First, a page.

Hey Patrick, Patrick Gerken wrote: [snip] > I did not check wikipedia, nor did I skim the last three years of > mailing list traffic, I wonder, did I not do enough thoroughly > research in 2008?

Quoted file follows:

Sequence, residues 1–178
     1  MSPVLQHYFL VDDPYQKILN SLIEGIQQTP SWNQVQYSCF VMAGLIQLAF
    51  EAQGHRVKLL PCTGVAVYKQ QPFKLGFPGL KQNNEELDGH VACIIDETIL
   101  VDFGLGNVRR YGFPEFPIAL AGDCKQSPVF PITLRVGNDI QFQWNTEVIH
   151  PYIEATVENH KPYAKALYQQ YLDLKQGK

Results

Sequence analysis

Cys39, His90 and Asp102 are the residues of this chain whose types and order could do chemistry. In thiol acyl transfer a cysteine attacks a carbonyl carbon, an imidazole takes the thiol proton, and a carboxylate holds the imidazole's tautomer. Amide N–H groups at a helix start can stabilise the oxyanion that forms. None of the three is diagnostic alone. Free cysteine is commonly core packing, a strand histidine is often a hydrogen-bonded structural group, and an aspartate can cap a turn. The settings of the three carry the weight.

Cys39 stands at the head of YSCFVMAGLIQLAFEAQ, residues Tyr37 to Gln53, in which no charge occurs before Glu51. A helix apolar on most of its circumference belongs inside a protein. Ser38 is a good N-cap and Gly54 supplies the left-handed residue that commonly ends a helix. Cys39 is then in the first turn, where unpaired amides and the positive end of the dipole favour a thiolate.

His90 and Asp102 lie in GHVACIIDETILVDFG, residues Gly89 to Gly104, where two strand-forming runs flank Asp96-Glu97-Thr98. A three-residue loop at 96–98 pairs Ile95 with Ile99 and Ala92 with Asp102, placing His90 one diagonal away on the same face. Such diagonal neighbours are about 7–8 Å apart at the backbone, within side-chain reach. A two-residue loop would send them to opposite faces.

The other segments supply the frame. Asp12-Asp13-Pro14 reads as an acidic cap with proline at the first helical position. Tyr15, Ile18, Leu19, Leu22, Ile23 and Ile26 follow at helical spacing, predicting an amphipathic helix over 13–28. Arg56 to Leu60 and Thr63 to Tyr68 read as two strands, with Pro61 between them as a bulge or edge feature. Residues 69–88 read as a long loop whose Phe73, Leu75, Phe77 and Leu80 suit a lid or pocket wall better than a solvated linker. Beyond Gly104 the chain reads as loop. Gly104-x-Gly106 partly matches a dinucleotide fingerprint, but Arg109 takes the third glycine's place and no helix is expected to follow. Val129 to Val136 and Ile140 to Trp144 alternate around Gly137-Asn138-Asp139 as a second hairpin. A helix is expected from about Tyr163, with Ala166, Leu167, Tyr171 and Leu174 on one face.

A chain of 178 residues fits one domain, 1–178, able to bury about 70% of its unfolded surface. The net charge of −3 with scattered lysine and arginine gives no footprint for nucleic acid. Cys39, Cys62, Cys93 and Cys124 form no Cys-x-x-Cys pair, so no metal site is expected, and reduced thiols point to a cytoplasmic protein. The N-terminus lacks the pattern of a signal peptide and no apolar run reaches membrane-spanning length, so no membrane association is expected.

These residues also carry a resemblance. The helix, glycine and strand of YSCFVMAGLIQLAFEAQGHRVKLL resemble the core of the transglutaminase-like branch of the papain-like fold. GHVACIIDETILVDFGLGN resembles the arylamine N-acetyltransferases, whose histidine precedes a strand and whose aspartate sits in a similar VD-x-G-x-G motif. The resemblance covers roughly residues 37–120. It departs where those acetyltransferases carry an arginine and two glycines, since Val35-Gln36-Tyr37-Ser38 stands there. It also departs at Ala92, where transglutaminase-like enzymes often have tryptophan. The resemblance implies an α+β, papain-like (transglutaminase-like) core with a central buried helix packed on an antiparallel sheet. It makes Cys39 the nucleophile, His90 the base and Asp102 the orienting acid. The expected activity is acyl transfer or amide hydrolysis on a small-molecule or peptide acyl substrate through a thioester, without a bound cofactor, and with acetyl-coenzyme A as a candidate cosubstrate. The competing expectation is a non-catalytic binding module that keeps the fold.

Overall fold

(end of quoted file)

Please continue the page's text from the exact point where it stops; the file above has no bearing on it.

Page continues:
I think the strong impression was given that Zope 3 was going to be the new bright future and that Zope 2 was going to be replaced by Zope 3, one way or the other. It doesn't matter what exactly was said, the impression was given. The path that this took has evolved over time. The original ideas about Zope 3 being able to run Zope 2 code, perhaps with a migration script, never went anywhere. But along another path in some ways we are already in that future, as Zope 2 apps use a large amount of Zope 3 approaches and code. One thing that happened recently is that we extracted the concept of the Zope Toolkit from Zope 3. We'd now say that Zope 2 uses the Zope Toolkit. It could use more of the toolkit, it could use the toolkit better, and the toolkit itself is imperfect, but it's going forward, and that's good. [snip] > I disregarded the business decisions these companies made with the way > they did Zope development and considered it inferior. But these > companies have based their development model on this. They allow > customers who do customizations in code, and depend on Zope, to take > care that their customers cant break their system. This is their competitive > advantage that they cant afford to loose. > > That is a different culture and mind than the ones who do typical > Zope3 development. Yes, I think that this is an important realization; that development using the ZMI, while flawed in many ways, is also *superior* in other ways to the development model that Zope 3 (and the Zope Toolkit) use. I talked a bit about that here: http://faassen.n--tree.net/blog/view/weblog/2008/09/19/0 One response to this is to try to make the development model of the Zope Toolkit less challenging for developers. That's Grok. Another response is to make there simply less code to worry about when developing; that's BFG. Hopefully we'll manage to continue to evolve the Toolkit in the direction of increased simplicity too. But there are other responses. One is to reconsider through the web development patterns and see how they might be supported in the context of the Zope Toolkit. I have some ideas... > For the Zope3 developer, the only ones who program > are the programmers and keeping the code in file system and > unrestricted is much much better because you have all the development > tools at hand to have higher productivity and safety. Think versioning > system and easy search and replace over multiple files. > With this in mind, Zope2 and Zope3 are totally different things. > People who use Zope2 and want to continue using it have different > goals than the Zope3 developers. I think, both have the right to have > their own communities. A different name would help separating these > communities. People who do both Zope2 and Zope3 stuff would just be in > two communities. I think it's valuable for those communities to share code and approaches, but yes, I think a different name (for either Zope 2 or Zope 3, where Zope 3 would be the road of least resistance) would help make clear the vast differences between Zope 2 and Zope 3. There are a large number of overlaps too, but fundamentally the Zope 2 TTW web development model is quite different. [snip] > I think now grok is not so much > on top of Zope3, and maybe I should have taken a deeper look into > that. In the past, when Zope 3 meant both "Zope Toolkit" and "Zope 3 the thing you install and start developing with", Grok was on top of Zope 3 in part. Now we simply state that Grok is built on top of the Zope Toolkit. It mostly adds an alternative configuration mechanism to the Zope Toolkit (through Martian), and tries to make it easier to hook up applications this way. > But how shall somebody, who does not wade through the mailing > lists, make an informed decision? No. This is why I think good information on the web and a consistent message are both important. We're not there yet for both. I think we need a home page that says: want to get started with Zope? Here are the options. That is being worked on. > If the Zope3 App Server with its zmi > is becoming more of an implementation to show whats possible with the > ZTK, why should it be called Zope3? I don't think it's to show what's possible. I think it is a development platform that pre-integrates the Zope Toolkit and adds a bit (documentation, installation methods, a user community). > People start to get annoyed of this discussion, since some started to > say bad words. I for one am happy about this discussion, because I > hope that It might result in a better common understanding and after > that a better public statement, whats happening, what frameworks are > around and which have what advantages and disadvantages. Me too! > Also, I want be be in the Zope foundation, so that Lennart makes me > drunk too. I heard he favors whisky. That's fine. :) You're very welcome to join! I'd be happy to nominate you as a member. http://foundation.zope.org/members/join Thank you Patrick for your thoughts. I think it would do people good to read thoughts like this more often on this mailing list, so I hope you'll continue to contribute. Regards, Martijn _______________________________________________ Zope-Dev maillist - Zope-Dev@zope.org http://mail.zope.org/mailman/listinfo/zope-dev ** No cross posts or HTML encoding! ** (Related lists - http://mail.zope.org/mailman/listinfo/zope-announce http://mail.zope.org/mailman/listinfo/zope )